Little things get you down. Like needing to focus on a spreadsheet when a colleague’s having an animated conversation, or trying to stay on a sensible eating plan when the same colleague’s tucking into fries with salt and vinegar. Try these simple tricks.
You need to concentrate, but you’re really tired
Try eating something crunchy. A handful of nuts or even some popcorn will do. The crunching sensation seems to perk up your mind. Also try standing up while you think, rather than sitting at your desk.
You’re feeling agitated and you need to focus on some important stuff
Try this quick, easy and non-weird (in case you were worried) meditation technique, courtesy of the author and naturopath, Barefoot Doctor, writing in the Observer Magazine.
It’ll take a while to learn, but it’s not difficult. Start by learning to sit quietly for about 20 minutes with your eyes half-closed. You needn’t sit cross-legged, as long as you’re comfortable.
Mentally, elongate your spine and broaden your pelvis and shoulders, relax all your muscles and visualise opening all your joints.
Now slow your breathing and make it smooth and silent and keep the length of inhalation and exhalation the same.
Visualise yourself observing your body from a point within your brain. From here you can visualise yourself watching your thoughts rise and dissolve in your brain without becoming involved in them.
Now, as you breathe in, picture each breath as a stream entering through your perineum, travelling up your spinal column to the top of head. Exhaling sends it down the spine and out through the perineum.
“With you imagination, imbue the ascending in-breath with the essence of primordial strength and the descending out-breath the essence of primordial grace,” concludes Barefoot Doctor.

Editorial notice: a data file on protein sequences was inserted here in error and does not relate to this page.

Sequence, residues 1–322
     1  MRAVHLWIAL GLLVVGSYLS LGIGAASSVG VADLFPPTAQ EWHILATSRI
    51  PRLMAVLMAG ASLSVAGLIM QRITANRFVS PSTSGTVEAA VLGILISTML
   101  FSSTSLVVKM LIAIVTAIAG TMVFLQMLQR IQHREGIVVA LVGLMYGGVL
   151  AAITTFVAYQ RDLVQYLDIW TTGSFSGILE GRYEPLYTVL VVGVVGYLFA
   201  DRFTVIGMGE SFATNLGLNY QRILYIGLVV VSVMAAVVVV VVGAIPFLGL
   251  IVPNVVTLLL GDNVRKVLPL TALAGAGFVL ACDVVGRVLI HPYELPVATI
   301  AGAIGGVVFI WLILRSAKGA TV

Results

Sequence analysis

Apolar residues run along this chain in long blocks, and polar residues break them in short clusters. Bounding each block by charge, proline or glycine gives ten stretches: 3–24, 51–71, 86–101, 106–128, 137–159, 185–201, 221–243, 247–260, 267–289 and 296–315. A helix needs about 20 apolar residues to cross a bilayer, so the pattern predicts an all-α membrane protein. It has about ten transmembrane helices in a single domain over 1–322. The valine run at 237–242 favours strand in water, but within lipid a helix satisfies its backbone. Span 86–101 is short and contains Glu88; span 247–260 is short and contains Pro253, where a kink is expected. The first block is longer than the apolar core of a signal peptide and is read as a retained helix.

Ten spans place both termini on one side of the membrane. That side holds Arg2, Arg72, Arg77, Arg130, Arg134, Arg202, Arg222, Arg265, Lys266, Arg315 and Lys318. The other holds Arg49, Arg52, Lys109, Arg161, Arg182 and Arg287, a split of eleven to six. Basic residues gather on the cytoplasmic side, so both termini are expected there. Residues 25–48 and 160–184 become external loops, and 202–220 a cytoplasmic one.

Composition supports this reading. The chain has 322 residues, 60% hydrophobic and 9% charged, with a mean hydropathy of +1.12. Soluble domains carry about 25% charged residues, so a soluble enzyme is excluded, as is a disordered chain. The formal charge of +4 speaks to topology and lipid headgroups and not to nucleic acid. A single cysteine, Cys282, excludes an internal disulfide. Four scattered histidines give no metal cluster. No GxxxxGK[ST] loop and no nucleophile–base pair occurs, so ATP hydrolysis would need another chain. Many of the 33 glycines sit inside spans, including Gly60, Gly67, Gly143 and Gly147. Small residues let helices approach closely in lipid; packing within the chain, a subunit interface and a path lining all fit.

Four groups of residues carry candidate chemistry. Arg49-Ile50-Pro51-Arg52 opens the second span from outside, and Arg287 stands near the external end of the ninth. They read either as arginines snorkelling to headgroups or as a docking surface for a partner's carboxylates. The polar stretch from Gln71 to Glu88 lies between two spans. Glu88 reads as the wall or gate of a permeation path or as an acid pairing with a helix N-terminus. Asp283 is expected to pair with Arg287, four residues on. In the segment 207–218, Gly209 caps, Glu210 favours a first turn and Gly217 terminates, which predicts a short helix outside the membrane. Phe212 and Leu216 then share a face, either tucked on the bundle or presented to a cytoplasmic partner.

You’re dying for a drink, but you’re trying to cut back
It’s known that one of the ways in which the body becomes addicted to booze is because of the quick buzz delivered by the sugar in it. When the body detects a dip in blood-sugar levels, it craves a quick and easy top-up.
In time, the body becomes accustomed to a dose of sugar at certain times of the day.
Even if you’re just a social drinker, once you’re into the habit of say, having a drink after work, it becomes difficult to change that habit.
Dr John Briffa writes in the Observer Magazine that simply eating regular meals can help reduce a desire to drink. He recommends foods like green vegetables, lentils, beans, fish, eggs and meat.
Healthy snacks like fruit and nuts between meals help keep blood-sugar levels constant.
That’s one simple way of avoiding the biochemical imbalance caused by falling blood-sugar levels. Another, says Dr Briffa is nutritional supplements; 400microgams of chromium and 400 mg of magnesium. He says a general vitamin B supplement each day can help reduce cravings.
Glutamine, an amino acid, seems to work: once ingested it’s converted into substances like gamma hydroxybutrate (GHB), which seems to reduce the craving for booze. Speak to your pharmacist or doctor.
You’re craving a cheeseburger and fries, but trying to eat properly
Print out the following message and stick it in your wallet. Read it each time an expensive, clever ad pops up for junk food: fast food may cause brain damage. A study at the University of California’s Brain Injury Research Center found that rats fed a diet rich in fat and sugar appeared to reduce levels of BDNF, a naturally occurring chemical that protects the brain from damage. It also allows you to respond to stimuli. So can Quarterpounders make you stupid? It seems that way. - (William Smook)